You will not meet a fine man such as Count Alexander Ilyich Rostov easily. Amor Towles, that New York Times bestselling author of Rules of Civility has got me thinking, speaking, reading like the man. For how long, I do not know, but let me remember that I am trying to write a review of A Gentleman in Moscow of such impeccable quality that you will want to read this book as soon as you’re done reading this review.
So, meet Count Alexander Ilyich Rostov. On 21 June, 1922, the Count appeared before the Emergency Committee of the People’s Commissariat of Internal Affairs. In a nutshell, the Count thought it wise to publish a poem that he shouldn’t have. His judgment: he must stay in the Hotel Metropol and never leave. Years come and go and eventually so do decades, but perhaps a forced life inside a hotel needn’t be a punishment at all.
If one were to wonder how so many pages dedicated to the Count’s years in this hotel can keep readers satisfied until the end, than this book is a fine example of how it can be so.
What readers can look forward to is a little over three decades, from the early 1920s to the mid-1950s, in Moscow according to the account of an unknown narrator. The author introduces us to a variety of places inside the hotel where, throughout the rest of the book, we can be sure to find the Count. You might find him at a dinner table at the Boyarsky, or see him in a barbershop that he visits once a week.
When the Count tells you to consider something, you can bet that after his explanation, you’ll feel more clarified than you usually do after a couple of clicks on a search engine’s search button. So much so (See!) that you’ll want to be in this man’s company as much as you can. Also, what makes following the Count so enjoyable is that he never fails to surprise his readers. You simply must meet the Count for yourself!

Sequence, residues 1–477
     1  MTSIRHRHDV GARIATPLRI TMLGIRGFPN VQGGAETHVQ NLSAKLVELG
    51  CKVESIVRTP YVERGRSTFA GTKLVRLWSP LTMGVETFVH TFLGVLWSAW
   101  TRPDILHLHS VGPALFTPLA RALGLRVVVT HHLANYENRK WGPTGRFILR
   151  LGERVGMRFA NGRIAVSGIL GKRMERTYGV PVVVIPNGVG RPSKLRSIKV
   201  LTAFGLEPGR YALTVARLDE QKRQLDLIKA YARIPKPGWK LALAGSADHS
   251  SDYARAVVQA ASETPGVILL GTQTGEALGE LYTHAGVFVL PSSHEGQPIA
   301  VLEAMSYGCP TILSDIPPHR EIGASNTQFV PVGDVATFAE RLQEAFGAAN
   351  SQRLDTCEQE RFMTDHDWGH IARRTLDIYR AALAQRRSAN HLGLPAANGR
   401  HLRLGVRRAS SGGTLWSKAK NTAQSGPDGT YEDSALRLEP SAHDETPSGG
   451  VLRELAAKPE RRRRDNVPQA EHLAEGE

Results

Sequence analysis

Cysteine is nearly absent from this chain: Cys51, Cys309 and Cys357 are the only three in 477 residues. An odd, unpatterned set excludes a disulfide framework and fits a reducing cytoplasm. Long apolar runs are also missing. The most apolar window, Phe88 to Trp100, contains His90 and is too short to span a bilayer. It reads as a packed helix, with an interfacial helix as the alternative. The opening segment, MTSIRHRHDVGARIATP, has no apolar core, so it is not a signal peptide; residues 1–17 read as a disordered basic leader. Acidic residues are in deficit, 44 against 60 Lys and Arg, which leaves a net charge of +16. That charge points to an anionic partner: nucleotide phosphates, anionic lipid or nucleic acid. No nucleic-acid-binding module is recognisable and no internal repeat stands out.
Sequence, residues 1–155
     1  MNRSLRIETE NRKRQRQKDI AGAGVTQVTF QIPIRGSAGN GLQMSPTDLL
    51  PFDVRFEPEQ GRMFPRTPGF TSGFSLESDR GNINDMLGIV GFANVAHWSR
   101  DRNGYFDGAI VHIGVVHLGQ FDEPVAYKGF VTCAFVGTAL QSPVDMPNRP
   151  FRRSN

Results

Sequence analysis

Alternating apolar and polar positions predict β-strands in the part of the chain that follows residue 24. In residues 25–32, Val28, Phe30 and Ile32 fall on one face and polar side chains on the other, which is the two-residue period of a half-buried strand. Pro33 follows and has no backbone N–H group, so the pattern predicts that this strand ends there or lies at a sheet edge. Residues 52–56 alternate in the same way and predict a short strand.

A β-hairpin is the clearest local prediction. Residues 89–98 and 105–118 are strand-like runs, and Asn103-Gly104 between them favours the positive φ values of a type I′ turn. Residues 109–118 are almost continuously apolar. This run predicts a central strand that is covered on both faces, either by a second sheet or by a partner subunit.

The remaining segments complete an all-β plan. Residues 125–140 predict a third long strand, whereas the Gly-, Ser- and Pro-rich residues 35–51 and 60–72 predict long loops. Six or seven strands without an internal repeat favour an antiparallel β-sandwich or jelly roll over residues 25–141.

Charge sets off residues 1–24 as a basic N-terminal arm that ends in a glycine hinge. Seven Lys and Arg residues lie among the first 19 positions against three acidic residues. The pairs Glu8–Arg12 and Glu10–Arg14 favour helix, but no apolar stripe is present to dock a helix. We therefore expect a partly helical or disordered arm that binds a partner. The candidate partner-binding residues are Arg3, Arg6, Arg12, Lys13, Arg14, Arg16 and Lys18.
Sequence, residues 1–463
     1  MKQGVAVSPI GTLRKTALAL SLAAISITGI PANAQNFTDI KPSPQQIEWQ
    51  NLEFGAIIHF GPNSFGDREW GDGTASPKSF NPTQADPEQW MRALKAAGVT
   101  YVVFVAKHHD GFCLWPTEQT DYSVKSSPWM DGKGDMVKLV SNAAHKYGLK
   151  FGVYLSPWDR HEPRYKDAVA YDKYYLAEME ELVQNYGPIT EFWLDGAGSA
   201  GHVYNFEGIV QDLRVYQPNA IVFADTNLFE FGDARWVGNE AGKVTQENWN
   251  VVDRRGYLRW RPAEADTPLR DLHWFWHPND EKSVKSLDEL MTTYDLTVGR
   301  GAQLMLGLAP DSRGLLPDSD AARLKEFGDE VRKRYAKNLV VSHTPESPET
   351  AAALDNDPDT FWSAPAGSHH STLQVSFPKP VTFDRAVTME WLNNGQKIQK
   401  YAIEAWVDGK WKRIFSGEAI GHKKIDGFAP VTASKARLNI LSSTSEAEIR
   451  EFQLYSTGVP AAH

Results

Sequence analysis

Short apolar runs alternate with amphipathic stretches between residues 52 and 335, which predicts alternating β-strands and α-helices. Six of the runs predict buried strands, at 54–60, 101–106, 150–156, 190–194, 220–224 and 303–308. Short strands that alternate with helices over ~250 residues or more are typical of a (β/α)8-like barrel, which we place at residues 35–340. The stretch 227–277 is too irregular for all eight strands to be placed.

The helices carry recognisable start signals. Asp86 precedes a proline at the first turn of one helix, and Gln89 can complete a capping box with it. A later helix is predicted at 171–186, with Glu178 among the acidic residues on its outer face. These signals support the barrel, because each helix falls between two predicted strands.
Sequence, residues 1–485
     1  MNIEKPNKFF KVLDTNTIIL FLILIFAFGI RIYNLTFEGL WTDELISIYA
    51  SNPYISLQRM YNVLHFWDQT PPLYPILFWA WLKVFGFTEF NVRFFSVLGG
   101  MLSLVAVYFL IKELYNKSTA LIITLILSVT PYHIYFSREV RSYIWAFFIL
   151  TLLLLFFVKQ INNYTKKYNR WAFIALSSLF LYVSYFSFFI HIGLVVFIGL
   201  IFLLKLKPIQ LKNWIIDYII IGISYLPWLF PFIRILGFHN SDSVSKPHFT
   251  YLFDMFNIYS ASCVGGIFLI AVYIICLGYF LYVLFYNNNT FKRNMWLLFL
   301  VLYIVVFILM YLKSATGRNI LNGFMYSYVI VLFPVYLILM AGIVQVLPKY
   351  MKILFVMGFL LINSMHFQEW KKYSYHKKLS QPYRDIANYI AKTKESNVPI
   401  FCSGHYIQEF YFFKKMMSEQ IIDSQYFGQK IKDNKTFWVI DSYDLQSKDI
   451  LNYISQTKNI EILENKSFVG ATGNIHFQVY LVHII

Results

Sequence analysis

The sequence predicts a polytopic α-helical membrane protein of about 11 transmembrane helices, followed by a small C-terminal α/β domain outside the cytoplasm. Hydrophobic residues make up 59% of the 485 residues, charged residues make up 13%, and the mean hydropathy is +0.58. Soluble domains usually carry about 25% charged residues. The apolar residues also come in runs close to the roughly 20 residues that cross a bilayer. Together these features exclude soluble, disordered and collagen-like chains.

Towles has simply created a protagonist that fascinated me to no end. The Count, his thoughts and his words, is what kept me coming back and back and back. Of course, the author’s intriguing protagonist shouldn’t be the only reason why this book is so exciting. Upon recalling a humorous scene in which a man has the gall to clip the Count’s moustache, I can attest that there are a couple of interesting things happen at the Metropol.
I relished every moment of reading this book. Much to my wonder, there isn’t a lot about this book that I didn’t like. I could say that I wished the Count didn’t like life at the Metropol so much as he appeared to, but perhaps the fact that life at the Metropol did indeed appear to be so interesting, the author chose to keep it that way. After all, that’s where the Count will be most of time.
If one were to wonder how so many pages dedicated to the Count’s years in this hotel can keep readers satisfied until the end, than this book is a fine example of how it can be so. Never is one bored after the end of a chapter. The hours one needs to invest in the read of this book is time well spent for the reader looking to experience Moscow in the early to mid-1900s.
I received a free copy of this book from Penguin Random House SA in exchange for an honest review.
Date Published: February 9, 2017